Adcock hit all of the home runs, and while Torre had a good average, a .690 OPS isn’t good enough for a first baseman.

Haney scrapped the platoon, and Adcock responded by going 4-8, including three homers to help the Braves win both games of the doubleheader, and terrified National League pitching for the rest of the season.

The Braves won the next nine games; they started June 17, 24–22, five games out of first and ended July 36-25, in first place and one game up on the Reds. Despite a slump at the plate in September, the Braves led on September 28th

The Braves won the last game of the season behind the underrated Lew Burdette to finish 92-62-1, but the Dodgers won their game as well, giving them a 93-61 season and leaving the Braves in second, one game back. Under Haney, the Braves went 56-37 (.602 W-L%).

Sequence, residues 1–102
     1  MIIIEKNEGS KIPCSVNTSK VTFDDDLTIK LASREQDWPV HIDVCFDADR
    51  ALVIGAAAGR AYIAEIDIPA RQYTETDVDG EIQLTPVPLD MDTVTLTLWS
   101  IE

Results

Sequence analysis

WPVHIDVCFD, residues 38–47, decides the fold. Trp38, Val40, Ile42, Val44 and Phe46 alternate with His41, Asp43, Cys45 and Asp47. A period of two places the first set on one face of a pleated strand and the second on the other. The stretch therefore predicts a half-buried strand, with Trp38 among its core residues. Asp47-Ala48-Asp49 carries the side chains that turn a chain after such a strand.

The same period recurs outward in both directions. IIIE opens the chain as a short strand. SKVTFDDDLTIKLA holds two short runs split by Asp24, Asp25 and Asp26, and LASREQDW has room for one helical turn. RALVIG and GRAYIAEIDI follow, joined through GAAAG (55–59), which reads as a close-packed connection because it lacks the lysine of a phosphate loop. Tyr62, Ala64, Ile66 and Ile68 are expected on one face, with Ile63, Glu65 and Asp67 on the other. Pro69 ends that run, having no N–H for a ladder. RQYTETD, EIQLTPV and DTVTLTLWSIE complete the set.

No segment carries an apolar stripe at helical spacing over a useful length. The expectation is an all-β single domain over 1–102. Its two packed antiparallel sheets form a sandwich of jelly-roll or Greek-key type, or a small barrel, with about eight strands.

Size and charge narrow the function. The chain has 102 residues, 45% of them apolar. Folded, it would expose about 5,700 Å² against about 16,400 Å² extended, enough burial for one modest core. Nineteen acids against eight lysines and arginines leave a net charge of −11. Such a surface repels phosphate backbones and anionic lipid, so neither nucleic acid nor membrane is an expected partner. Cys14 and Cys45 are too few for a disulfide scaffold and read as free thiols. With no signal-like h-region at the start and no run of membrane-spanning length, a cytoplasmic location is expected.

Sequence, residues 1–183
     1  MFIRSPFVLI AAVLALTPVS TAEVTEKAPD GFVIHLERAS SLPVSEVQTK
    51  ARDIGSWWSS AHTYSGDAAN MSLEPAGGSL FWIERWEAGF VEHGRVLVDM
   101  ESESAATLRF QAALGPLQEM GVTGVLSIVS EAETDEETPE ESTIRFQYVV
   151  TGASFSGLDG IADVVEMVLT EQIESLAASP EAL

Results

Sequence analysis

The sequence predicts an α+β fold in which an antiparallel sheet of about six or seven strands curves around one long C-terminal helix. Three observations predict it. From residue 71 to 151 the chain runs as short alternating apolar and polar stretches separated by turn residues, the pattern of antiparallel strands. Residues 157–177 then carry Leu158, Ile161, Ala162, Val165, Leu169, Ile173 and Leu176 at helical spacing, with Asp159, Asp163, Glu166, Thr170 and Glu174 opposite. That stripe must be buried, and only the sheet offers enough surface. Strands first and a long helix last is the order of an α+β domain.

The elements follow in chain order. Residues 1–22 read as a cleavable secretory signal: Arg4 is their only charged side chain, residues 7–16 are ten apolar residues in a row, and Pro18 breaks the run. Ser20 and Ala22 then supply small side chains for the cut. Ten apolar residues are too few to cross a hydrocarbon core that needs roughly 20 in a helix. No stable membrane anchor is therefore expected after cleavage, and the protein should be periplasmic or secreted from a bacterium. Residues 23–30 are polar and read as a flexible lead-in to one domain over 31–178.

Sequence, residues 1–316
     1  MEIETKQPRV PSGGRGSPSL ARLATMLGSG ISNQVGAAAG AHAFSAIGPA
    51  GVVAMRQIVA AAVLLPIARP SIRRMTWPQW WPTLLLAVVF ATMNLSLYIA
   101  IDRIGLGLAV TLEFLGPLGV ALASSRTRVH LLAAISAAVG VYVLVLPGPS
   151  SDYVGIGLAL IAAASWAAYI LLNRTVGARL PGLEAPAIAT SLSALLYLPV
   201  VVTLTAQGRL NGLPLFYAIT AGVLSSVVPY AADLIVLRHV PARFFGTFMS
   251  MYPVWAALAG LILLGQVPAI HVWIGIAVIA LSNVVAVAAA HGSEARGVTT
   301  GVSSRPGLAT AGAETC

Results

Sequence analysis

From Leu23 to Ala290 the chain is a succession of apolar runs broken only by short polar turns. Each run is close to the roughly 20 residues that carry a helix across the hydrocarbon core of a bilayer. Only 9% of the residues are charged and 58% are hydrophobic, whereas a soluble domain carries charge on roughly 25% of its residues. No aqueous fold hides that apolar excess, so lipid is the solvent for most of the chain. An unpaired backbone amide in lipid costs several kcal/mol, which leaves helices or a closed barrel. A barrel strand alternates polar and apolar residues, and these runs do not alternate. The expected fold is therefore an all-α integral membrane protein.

Just as Fans lined Peachtree for the Atlanta Braves World Series parade, Milwaukee Braves fans lined Wisconsin Avenue to their 1957 World Series win.
Just as Fans lined Peachtree for the Atlanta Braves World Series parade, Milwaukee Braves fans lined Wisconsin Avenue to their 1957 World Series win. /

Why They DIDN’T Win in ’56?

Two weeks into Spring Training, Roy Terrell penned Fred Haney Lights A Fire for Sports Illustrated. He wrote that managers of other teams expected the Braves to win, and when they didn’t, many implied Grimm and Haney should have done better.